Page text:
Cloud Computing, it’s both more, and less, than you think

After helping to kick this Cloud Computing debate off, I’ve been watching the subsequent Debate pieces here with a great deal of interest. There have been some great insights from CIOs, consultants and even a lawyer...

If I had to summarise the positions of the CIOs interviewed in a couple of words, my response would be “open-minded, but cautious”. Caution is hardly surprising, given the amount of Cloud Computing confusion in industry – confusion which is being fuelled not only by hyperbole and oversimplification but also by significant amounts of “cloudwashing” (attempts to make only tangentially relevant products and services look like Cloud Computing).

Let’s look at one area of hyperbole and oversimplification: Cloud Computing is about a platform “stack”: infrastructure-as-a-service (IaaS), platform-as-a-service (PaaS), and software-as-a-service (SaaS). The trouble with this viewpoint is that it seems to make sense when you take a quick glance at things from a purely technical perspective – but it also makes Cloud Computing look like something that stands completely alone from the rest of the computing universe, and this is clearly rubbish. It’s one of the things that makes people nervous about technology integration questions – regardless of the fact that organisations the world over have managed to connect their systems together over the Internet using Web Services protocols and even variants of Electronic Data Interchange (EDI) for decades now.

Who’s to say that IaaS can’t be used to deliver custom-built applications that are private to individual enterprises? Who’s to say that outsourcers can’t use PaaS offerings to deliver tightly controlled offerings to customers? There’s nothing to say that the pay-as-you-go, utility billing model that some Cloud infrastructure providers use has to be passed onto end customers by service intermediaries.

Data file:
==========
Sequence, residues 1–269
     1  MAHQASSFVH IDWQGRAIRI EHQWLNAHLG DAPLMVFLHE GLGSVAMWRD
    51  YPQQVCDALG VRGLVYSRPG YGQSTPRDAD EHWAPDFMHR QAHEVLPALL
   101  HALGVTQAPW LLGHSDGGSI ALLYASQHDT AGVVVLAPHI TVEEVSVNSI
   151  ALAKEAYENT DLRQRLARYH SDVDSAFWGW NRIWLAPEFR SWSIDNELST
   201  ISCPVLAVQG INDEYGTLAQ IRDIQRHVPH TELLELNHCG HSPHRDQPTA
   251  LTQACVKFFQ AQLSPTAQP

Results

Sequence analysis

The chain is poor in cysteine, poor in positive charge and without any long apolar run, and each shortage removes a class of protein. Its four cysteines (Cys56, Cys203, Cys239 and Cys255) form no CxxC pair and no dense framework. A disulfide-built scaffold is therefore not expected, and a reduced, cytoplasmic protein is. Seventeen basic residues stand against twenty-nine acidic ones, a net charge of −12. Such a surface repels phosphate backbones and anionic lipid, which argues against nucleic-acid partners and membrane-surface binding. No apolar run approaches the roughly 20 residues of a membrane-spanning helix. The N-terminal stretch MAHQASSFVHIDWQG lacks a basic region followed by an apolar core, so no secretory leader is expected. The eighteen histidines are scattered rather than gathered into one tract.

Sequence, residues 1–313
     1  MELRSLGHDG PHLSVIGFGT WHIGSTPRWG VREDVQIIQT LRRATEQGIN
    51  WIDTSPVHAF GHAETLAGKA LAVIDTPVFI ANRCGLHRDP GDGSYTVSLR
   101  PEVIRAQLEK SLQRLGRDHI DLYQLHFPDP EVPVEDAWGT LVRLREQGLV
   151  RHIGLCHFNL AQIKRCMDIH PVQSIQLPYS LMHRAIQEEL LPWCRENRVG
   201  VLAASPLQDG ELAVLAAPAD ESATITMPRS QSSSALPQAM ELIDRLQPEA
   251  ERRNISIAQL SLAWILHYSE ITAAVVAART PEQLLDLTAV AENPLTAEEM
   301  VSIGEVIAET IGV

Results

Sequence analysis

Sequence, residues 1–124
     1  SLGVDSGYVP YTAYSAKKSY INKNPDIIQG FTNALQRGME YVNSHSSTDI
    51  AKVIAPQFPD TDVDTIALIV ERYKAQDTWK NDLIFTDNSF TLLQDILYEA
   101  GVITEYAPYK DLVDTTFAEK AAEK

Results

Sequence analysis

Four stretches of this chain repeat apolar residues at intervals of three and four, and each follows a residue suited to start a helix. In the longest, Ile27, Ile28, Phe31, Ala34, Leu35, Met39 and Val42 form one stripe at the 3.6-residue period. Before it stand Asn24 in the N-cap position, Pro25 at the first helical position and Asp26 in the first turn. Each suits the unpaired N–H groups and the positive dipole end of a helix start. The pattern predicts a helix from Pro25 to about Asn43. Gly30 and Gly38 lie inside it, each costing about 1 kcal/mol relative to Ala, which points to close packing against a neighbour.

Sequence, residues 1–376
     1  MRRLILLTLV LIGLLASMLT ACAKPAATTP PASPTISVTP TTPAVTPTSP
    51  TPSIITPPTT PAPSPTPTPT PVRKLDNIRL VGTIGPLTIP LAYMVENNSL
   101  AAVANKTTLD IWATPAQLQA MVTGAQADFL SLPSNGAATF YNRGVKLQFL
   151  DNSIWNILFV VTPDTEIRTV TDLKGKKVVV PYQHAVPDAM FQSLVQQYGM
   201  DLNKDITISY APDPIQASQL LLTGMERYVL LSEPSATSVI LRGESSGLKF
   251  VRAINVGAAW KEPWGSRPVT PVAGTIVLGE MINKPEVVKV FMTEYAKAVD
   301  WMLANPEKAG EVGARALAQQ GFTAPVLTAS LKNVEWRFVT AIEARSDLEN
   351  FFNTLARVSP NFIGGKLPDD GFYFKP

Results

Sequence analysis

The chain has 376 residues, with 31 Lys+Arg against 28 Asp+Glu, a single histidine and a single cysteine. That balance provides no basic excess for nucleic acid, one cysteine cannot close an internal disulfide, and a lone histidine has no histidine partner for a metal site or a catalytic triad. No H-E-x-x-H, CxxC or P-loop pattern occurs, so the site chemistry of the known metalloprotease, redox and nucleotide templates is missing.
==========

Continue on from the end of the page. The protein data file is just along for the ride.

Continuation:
While we’re on the subject of outsourcing, here’s another one: the canard that Cloud Computing will deliver us a legion of new, specialised service providers that are able to pull the rug out from underneath established IT outsourcing players. The truth: Cloud Computing is likely to have a significant impact on outsourcers – but primarily by making their own existing application and infrastructure outsourcing businesses more profitable. For these providers Cloud Computing isn’t disruptive to the extent that it undermines their business model; it’s something they can leverage behind the scenes (if they’re smart).

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